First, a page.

WeWork to File for Bankruptcy “as Early as Next Week”

The NY-based firm has lost almost 98% of its stock market valuation, despite being valued at $47 billion in the past.

Office-sharing firm WeWork is likely to file for bankruptcy as early as next week, according to recent reports.

The New York-based firm, which was once valued at $47 billion, has lost almost 98% of its stock market valuation in the last year alone.

This news coincides with the steady rise of workers swapping city offices for sandy beaches, or switching to a 4-day workweek and no longer needing a traditionally full-time office space.


WeWork's Troubled History

Earlier this week the company let the US financial regulator know it had agreed with creditors to temporarily postpone payments for some of its debt. A day later, its shares fell by more than 40% during after-hours trading.

Concerns about WeWork’s debts, losses, and management, have plagued the company for some time now, leading to difficulty in it selling shares on the stock market back in 2019.  This comes despite tens of billions of dollars being pumped into the company from Japanese conglomerate, SoftBank.

As of June, the company’s net long-term debt had risen to $2.9 billion and more than $13 billion in long-term leases.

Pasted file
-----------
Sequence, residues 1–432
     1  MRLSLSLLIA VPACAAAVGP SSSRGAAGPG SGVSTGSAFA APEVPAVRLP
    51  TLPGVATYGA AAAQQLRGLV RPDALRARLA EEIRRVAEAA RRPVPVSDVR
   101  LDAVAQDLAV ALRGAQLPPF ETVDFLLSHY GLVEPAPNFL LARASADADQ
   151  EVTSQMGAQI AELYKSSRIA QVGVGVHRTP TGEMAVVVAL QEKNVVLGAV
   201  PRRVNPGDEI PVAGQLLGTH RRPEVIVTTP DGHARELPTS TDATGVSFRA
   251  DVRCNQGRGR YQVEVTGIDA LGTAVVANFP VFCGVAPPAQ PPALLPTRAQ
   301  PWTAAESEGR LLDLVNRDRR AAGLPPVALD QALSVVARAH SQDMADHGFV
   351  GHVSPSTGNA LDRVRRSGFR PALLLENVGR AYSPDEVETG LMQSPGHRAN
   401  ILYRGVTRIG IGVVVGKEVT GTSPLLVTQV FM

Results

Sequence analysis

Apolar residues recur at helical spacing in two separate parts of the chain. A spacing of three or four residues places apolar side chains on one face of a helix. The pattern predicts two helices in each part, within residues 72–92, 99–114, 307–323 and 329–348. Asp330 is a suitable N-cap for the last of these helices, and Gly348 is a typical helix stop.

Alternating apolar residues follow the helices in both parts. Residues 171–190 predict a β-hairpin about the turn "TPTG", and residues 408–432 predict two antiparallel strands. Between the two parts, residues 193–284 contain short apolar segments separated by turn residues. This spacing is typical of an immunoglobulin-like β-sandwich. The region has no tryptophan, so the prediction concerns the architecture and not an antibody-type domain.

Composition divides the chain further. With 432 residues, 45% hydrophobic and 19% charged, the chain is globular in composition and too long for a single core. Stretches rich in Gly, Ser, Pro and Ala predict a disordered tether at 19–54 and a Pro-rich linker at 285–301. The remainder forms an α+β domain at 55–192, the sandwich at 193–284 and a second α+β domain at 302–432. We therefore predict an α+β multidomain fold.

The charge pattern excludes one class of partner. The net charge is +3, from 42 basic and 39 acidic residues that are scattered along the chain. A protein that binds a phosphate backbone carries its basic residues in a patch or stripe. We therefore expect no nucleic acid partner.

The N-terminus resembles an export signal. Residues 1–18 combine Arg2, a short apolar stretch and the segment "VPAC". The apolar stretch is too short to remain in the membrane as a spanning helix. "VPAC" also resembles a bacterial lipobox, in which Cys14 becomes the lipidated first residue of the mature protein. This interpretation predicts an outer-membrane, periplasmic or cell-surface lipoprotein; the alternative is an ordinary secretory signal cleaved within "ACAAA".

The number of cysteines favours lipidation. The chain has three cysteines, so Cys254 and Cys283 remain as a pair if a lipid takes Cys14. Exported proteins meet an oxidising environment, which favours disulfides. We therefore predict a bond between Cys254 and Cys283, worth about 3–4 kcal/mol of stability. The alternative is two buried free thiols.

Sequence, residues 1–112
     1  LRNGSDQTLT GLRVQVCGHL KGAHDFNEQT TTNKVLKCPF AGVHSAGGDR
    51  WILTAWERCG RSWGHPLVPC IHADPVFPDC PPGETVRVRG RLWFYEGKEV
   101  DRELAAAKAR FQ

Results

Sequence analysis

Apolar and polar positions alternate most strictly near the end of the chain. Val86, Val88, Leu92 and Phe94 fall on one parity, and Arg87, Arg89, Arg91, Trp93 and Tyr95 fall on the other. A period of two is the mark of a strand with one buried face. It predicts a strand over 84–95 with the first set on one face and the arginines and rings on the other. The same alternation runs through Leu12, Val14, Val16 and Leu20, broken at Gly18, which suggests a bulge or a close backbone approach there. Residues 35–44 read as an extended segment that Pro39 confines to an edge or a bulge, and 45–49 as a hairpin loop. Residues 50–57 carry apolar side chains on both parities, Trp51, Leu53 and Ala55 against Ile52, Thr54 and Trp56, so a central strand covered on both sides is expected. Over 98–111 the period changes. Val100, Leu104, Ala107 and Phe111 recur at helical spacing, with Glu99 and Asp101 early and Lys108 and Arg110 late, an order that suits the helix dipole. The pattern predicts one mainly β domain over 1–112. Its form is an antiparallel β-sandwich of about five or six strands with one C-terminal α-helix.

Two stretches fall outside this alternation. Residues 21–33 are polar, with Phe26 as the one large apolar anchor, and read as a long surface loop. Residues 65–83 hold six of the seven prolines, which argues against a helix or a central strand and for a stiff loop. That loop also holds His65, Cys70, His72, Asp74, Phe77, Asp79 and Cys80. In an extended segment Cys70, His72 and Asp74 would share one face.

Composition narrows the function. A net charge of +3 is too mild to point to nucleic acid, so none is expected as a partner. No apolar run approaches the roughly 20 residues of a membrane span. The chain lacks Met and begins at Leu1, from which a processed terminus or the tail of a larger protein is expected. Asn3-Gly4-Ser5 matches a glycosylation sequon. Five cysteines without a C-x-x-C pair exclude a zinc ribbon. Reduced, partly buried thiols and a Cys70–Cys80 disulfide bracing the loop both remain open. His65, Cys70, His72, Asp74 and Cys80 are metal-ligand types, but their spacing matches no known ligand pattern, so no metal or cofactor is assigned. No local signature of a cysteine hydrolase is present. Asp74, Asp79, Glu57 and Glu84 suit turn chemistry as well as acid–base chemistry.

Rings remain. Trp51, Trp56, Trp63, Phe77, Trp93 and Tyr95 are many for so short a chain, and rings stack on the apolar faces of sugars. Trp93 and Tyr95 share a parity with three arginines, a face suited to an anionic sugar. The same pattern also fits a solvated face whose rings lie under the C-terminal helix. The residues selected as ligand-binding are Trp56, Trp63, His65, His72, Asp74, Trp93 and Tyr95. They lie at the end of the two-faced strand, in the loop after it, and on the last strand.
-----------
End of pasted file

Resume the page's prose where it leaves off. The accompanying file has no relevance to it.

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However, trouble for the firm properly came to light back in August this year, when it raised “substantial doubt” that it could continue operations. A decrease in demand – likely a hangover from 2020’s work-from-home orders – alongside a “difficult” operating environment were behind this. 

Leadership Woes Blamed as a “Distraction”

The exit of several top executives this year has understandably contributed to instability across the firm.

A week before the company confirmed it had scrapped its share sale, founder Adam Neumann stepped down as Chief Executive. WeWork had said that scrutiny of his leadership had “become a significant distraction”.

Similarly, Chairman Sandeep Mathrani – who led the company as Chief Executive during the pandemic – left back in May. During his tenure he had eliminated $2.3 billion in costs and over $1 billion in debt.

WeWork's Reversal of Fortune

Some are attributing the remarkable reversal of fortune to WeWork’s 2019 plans to go public. Despite investors’ skepticism of taking long-term leases and renting them for a short-term time period, the company pressed on. 

Following the pandemic, it did manage to go public in 2021 but at a significantly reduced valuation. By the end of June, the firm reported having 777 locations in 39 countries.

WeWork has declined to comment or respond to press enquiries on these bankruptcy claims. 

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Written by:
Ellis Di Cataldo (MA) has over 9 years experience writing about, and for, some of the world’s biggest tech companies. She's been the lead writer across digital campaigns, always-on content and worldwide product launches, for global brands including Sony, Electrolux, Byrd, The Open University and Barclaycard. Her particular areas of interest are business trends, startup stories and product news.
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